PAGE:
hvPlot 0.10 has just been released! Checkout the blog post and support hvPlot by giving it a 🌟 on Github.


hvPlot is written to work well inside a Jupyter notebook, from the interactive Python command prompt, or inside a Python batch script. In this user guide we will discover how to use hvPlot to view plots in each of these cases and how to save the plots to a separate file.

Using hvPlot in different contexts#


In a Jupyter notebook, hvPlot will return HoloViews objects that display themselves, as long as the plotting library has been loaded. The easiest way of loading the plotting library is to import one of the plotting accessors such as pandas’ one with hvplot.pandas:

import hvplot.pandas  # noqa

The above import statement triggers the loading of the default plotting library, i.e. Bokeh.

Here we will load some of the sample data and then compose the HoloViews objects into a layout:

from hvplot.sample_data import airline_flights, us_crime

violent_crime = us_crime.hvplot(x='Year', y='Violent Crime rate', width=400)
burglaries    = us_crime.hvplot(x='Year', y='Burglary rate', width=400)

violent_crime + burglaries

Using Panel#

To display the object from inside a function it’s recommended that you use Panel. Panel can also be used to create more complicated layouts, to add additional interactivity, and to deploy servers.

import panel as pn

pane = pn.panel(violent_crime)

This pane can be updated with another HoloViews object replacing the plot:

pane.object = burglaries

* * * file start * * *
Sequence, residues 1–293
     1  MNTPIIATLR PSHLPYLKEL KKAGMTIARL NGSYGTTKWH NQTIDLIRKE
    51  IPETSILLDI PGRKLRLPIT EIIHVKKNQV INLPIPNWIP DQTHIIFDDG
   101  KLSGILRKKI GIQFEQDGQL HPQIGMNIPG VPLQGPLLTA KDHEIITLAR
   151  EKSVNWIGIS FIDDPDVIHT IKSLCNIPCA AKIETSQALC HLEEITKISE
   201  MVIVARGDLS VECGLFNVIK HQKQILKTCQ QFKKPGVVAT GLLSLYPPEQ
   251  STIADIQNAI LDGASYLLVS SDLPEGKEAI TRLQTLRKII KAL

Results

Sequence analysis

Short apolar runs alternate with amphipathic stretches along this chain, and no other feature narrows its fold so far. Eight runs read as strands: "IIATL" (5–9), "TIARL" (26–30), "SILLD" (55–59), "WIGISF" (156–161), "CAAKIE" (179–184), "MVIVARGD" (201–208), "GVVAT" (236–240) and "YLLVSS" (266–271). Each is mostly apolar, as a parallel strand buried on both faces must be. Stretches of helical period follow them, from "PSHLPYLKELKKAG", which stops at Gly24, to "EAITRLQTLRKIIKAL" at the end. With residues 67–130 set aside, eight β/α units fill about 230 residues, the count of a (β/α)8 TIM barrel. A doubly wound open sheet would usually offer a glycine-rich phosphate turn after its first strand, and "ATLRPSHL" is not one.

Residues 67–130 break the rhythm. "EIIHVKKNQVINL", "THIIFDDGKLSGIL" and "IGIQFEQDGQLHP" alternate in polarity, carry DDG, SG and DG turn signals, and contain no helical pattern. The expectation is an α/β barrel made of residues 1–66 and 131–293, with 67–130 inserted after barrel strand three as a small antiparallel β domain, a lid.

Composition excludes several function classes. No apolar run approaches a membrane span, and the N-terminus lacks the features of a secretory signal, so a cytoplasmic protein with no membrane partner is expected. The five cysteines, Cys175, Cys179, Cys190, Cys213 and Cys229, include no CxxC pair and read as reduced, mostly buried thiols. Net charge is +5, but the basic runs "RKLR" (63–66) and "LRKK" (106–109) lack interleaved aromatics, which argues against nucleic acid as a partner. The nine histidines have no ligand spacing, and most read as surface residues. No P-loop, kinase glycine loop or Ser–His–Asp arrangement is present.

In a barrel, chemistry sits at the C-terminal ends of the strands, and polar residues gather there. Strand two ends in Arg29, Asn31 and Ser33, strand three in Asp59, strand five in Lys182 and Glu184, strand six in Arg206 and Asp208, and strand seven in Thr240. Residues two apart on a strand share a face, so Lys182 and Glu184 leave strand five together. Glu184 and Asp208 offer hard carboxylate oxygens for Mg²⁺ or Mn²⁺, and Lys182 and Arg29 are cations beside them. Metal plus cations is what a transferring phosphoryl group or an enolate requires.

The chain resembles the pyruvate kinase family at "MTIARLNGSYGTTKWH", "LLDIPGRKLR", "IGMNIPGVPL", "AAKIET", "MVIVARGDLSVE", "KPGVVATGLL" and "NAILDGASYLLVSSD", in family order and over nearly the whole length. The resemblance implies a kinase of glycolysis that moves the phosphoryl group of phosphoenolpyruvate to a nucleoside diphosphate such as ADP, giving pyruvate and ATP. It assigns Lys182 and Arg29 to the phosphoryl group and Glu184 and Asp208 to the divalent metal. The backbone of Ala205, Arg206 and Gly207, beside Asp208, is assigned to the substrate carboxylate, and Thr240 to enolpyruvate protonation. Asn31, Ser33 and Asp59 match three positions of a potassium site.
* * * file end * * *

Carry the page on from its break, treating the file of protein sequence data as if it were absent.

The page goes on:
Or the object can be updated inplace:

pane.object *= violent_crime 

Python Command Prompt & Scripts#

When working outside the notebook we can instead use the hvplot.show function, which will open the plot in a new browser window:

For static plots this will simply save a temporary file and open it, however for dynamic and datashaded plots it will automatically launch a Bokeh server, enabling all the dynamic features.

Saving plots#

When looking at any Bokeh plot in a web browser, you can use the toolbar’s “Save” tool to export the plot as a PNG (try it on one of the plots above!).

hvPlot also provides a convenient save function to export HoloViews objects to a file. By default it will save the plot as HTML:

plot = airline_flights.hvplot.hexbin(x='airtime', y='arrdelay', colorbar=True, width=600, height=500, logz=True)

hvplot.save(plot, 'test.html')

By default, the HTML file generated will depend on loading JavaScript code for BokehJS from the online CDN repository, to reduce the file size. If you need to work in an airgapped or no-network environment, you can declare that INLINE resources should be used instead of CDN:

from bokeh.resources import INLINE
hvplot.save(plot, 'test.html', resources=INLINE)

Finally, if a ‘png’ file extension is specified, the exported plot will be rendered as a PNG, which currently requires Selenium and PhantomJS to be installed:

hvplot.save(plot, 'test.png')
from pathlib import Path